We have made this paint packaging available so that you can package your own handmade paint. As it is, it is designed to wrap around the Bioplastic Pans by Poems About You, although you can adjust and be creative about your uses and sizing!

      Download the Printable PDF

        

      Handmade Brush Rest made from Reclaimed American Chestnut!

      The Brush Rests (here in a trio) are made from extinct* American Chestnut beams that – for nearly 200 years – held up our barn (read about our barn restoration here). Walter turned them into barn studio doors and made these delicious little brush rests with the scrap – they fit perfectly in the Sendak pocket and may just make clean up a touch easier next time!

      *Read more about the blight on the American Chestnut here.

      handmade wooden paint palette, watercolour paint, and brush rest
      wooden brush rest made from reclaimed american chestnut
      Our Brush Rest, Hand Mulled Paint, and Tilda Painter’s Palette together!
      I’ve been using my brush rest also as a rest for my vintage dip pens, so we're also offering a Trio of Brush Rests!
      The barn – before restoration!
      These American Chestnut Tree beams, born in the 1700s, held up our barn for nearly 200 years.
      Walter used his Alaskan Saw Mill to mill down the beams.
      We’re excited to share a portion of this beautiful reclaimed wood in the form of brush rests!

       

      Mystery Boxes!

      They are back! We’ve sifted through our misfits: merry mishaps, prototypes, and items riddled with character – imperfect but fully functional. We’ve have grouped them together into themed mystery boxes at nearly half price! Though not for the faint-hearted, each set is useful and nearly half price. Enjoy the mystery and the gifting potential: one for you, one for me, one for you...

      These boxes are perfect for the indecisive (who love Peg and Awl) or for those who just love a good mystery.⁠ The Desk Caddies more character, knots, holes and markings – more evidence of the wood’s prior life.

      Each box contains an assortment of related and similar-valued items – the photographs illustrate the theme and sample items within each box, but not necessarily the particular grouping.

      This set of Desk Caddies are part of the Desk Organization Mystery Box – these will vary in wood characteristic, engraving, wood type, etc.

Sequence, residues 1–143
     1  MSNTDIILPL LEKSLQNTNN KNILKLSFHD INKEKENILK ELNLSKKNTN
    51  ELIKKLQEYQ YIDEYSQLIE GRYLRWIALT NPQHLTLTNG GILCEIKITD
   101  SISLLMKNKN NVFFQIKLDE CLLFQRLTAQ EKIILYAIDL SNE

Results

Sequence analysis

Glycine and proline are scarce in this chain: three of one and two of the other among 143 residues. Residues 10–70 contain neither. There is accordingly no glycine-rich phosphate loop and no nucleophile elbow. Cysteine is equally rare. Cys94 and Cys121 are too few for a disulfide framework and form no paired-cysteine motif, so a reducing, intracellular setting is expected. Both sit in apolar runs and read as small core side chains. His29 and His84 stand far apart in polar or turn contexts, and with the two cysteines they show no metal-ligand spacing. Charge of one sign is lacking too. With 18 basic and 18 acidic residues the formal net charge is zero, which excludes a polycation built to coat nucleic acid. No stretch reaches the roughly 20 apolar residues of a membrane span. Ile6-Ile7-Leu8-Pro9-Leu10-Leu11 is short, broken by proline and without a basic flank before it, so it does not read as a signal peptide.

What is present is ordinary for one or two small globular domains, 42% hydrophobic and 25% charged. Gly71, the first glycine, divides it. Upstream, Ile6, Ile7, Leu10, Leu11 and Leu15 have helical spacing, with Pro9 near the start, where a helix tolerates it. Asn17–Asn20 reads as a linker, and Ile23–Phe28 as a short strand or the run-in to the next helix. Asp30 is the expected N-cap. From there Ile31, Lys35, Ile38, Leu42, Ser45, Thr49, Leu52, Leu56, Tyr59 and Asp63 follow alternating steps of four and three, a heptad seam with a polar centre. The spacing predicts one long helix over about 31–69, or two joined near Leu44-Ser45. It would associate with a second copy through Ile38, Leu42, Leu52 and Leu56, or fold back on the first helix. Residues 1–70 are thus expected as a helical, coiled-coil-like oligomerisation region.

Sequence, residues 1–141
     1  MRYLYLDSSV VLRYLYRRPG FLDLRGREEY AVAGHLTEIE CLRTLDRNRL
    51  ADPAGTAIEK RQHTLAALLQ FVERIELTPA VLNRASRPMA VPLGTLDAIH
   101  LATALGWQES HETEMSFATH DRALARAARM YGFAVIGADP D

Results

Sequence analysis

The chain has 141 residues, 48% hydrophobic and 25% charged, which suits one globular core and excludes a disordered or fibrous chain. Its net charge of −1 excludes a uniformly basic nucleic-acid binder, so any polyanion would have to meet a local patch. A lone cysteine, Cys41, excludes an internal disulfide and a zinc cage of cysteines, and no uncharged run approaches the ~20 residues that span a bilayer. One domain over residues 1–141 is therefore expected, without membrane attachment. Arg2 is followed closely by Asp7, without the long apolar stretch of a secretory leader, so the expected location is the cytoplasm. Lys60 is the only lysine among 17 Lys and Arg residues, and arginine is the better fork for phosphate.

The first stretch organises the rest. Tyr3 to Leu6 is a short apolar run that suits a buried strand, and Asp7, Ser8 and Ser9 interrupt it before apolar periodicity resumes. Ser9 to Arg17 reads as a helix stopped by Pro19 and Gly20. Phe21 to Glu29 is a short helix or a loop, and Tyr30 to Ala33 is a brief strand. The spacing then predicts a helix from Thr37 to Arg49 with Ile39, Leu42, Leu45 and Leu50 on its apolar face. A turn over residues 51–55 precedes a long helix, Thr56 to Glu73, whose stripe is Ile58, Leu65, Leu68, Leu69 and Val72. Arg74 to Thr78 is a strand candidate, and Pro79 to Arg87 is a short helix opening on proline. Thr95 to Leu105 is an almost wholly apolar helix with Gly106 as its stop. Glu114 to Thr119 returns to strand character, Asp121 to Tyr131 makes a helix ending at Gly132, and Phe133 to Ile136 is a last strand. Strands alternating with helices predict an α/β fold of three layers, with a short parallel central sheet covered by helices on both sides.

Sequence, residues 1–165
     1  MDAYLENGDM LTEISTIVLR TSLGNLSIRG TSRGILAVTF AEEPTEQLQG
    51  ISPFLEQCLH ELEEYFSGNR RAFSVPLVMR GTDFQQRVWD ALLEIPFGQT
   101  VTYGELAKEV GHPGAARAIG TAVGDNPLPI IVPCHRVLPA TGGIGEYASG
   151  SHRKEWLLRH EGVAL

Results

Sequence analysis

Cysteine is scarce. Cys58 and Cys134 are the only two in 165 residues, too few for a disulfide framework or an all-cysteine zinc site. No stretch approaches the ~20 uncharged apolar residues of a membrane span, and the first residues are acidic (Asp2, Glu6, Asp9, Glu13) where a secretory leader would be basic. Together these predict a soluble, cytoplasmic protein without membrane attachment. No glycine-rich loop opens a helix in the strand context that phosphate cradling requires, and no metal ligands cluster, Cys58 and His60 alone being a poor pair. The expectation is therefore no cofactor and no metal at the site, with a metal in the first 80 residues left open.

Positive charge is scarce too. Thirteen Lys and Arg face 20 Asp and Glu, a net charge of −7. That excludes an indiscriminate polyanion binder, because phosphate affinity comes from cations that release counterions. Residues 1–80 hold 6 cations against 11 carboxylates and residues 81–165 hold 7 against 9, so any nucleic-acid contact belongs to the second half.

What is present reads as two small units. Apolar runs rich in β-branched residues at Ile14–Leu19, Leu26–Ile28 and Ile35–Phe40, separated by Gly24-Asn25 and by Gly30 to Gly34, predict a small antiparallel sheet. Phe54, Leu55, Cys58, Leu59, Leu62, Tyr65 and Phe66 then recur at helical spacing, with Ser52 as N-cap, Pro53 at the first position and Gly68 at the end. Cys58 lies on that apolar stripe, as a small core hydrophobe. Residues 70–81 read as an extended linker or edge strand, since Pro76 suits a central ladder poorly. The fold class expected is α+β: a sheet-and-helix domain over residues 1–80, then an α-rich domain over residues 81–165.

Here you can see examples of the variation in the wood – these particular caddies are so special and filled with character!
      An old favourite! This is our "Tabletop Caddy," an old iteration of our current Beatrix Artist Caddy
      The Kitchen Mystery Box includes a variety of products, including decoupaged candleblocks – one of our first products!

       

      Vintage Textile Pouches and Vintage Bag!

      We've transformed two favourite antique quilts (one is well-worn, soft, and frayed and the other, unfinished and crisp!) into useful pouches lined with waxed canvas. These are often one-of-a-kinds – the textile patterns and designs used within one patchwork square are unique from another!⁠

      We've done our best to divide the pouches by similar qualities so you may have an idea of the one that will arrive on your doorstep, but if you love mystery, the green quilt especially will peak your interest. ⁠

      The 1800s quilt, well-loved, and in the colors of Pearl (our puppy!).
      The assortment of vintage textiles, including our two favourite antique quilts.
      Each pouch is lined with waxed canvas to reinforce and protect the textile from the tools and supplies that will fill the pouch. These pouches are also finished with vintage zippers.
      It can be sad to cut into a vintage quilt, but wonderful to give it new life!
      This quilt was started in the 1930s and never finished – we transformed it into pouches lined with waxed canvas!
      This collection also contains one repurposed canvas tote that was originally designed with a drawstring closure – we’ve adapted it with vegetable-tanned leather straps and a waxed canvas pocket!

      Spring 2022 Of A Kind Collection

      Our first Of A Kind Collection of 2022 is bursting with character! Each of these collections allows us to dig around and find treasures within treasures. Every discovery holds a bit of...